When Darwin published his
ideas on sexual selection, his emphasis was largely on birds, mammals and
insects (see graph below). Spiders continue to be a rather marginal group
in the study of sexual selection, but recent years have seen a steep increase
in papers. This review has three main parts:
First I focus on female choice
and male competition working in the various sensory modalities, with the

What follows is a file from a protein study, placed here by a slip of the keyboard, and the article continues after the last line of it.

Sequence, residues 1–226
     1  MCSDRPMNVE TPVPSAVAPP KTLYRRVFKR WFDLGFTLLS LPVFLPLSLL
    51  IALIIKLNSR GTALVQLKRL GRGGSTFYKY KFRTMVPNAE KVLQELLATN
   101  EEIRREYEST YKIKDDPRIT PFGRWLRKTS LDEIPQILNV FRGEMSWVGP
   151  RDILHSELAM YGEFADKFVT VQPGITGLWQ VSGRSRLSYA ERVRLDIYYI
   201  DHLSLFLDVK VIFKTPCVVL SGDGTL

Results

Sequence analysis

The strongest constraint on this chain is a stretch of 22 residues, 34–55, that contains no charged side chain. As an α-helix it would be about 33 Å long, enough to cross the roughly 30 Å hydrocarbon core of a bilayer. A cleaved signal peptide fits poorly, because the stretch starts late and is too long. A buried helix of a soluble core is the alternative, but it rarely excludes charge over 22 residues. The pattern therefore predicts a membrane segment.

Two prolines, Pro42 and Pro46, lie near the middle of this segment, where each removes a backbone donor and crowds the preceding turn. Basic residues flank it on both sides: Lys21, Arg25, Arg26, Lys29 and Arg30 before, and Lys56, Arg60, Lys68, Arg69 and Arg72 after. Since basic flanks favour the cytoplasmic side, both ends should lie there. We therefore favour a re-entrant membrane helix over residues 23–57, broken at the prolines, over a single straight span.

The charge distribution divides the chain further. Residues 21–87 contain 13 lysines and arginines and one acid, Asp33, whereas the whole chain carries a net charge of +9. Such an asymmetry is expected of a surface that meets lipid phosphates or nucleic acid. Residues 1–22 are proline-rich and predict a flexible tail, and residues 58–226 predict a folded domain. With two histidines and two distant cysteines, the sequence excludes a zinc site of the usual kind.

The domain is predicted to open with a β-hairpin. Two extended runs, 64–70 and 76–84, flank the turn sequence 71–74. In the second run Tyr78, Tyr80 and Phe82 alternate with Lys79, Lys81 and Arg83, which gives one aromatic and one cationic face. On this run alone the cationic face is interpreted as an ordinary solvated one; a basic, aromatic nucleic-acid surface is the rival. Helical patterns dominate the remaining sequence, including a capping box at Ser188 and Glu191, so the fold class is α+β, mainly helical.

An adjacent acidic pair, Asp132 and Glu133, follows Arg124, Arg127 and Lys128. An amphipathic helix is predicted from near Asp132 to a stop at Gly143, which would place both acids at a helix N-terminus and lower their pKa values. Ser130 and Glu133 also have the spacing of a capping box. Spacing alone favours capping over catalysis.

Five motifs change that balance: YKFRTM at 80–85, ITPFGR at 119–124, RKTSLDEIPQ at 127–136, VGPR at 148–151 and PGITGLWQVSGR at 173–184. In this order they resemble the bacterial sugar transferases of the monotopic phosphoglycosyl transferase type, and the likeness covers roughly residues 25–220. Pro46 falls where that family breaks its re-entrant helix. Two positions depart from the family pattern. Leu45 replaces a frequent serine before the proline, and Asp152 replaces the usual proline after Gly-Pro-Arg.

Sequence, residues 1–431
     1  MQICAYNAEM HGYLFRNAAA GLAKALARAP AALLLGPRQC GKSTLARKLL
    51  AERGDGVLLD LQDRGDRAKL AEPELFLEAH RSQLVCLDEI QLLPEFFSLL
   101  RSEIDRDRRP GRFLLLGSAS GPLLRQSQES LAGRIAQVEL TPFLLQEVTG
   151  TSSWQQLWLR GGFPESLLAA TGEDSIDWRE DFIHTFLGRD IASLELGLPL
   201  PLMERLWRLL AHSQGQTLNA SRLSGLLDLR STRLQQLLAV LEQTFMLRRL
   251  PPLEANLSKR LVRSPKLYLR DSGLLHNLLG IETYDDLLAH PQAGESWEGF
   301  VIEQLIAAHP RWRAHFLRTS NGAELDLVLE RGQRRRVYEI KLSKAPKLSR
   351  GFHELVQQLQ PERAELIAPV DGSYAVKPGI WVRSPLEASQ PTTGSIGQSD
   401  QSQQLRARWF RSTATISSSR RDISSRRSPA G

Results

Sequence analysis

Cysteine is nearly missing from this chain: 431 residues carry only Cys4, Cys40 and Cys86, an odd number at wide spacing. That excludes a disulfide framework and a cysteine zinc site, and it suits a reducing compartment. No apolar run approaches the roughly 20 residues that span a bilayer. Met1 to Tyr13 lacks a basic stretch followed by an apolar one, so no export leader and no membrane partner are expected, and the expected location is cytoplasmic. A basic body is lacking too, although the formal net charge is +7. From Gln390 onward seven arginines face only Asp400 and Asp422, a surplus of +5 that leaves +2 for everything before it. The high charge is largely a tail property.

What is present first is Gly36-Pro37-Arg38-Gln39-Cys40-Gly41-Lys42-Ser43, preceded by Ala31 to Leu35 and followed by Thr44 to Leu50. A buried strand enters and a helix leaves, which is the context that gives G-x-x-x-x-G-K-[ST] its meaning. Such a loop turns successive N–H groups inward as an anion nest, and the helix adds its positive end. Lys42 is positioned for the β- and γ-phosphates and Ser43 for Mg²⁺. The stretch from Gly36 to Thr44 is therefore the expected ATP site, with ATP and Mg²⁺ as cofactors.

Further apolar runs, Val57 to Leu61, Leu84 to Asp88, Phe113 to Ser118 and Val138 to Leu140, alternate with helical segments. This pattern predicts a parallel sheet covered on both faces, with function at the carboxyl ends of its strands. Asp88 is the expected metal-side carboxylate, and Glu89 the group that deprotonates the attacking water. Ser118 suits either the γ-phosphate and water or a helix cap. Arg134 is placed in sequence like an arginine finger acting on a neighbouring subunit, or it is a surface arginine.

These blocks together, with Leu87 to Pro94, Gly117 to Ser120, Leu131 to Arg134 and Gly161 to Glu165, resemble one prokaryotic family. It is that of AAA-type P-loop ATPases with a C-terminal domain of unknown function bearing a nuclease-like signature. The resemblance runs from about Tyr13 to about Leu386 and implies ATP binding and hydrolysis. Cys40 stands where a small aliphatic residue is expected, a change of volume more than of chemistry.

main conclusion that sexual selection in spiders may predominantly work
via channels of communication that are not as easily accessible to the
human observer as bird plumage, mammal weapons, and insect stridulation.
Then I consider some topics
for which spiders offer particularly useful model organisms, like sexual
size dimorphism, cannibalism, and sperm competition. The picture that is
emerging is a highly complex one, with seemingly homogenous characteristics
resulting from a variety of evolutionary and mechanistic causes.
Finally, this review presents
the current taxonomic status of the spider species cited by Darwin, and
shows that some of his examples appear better explained by natural than
by sexual selection.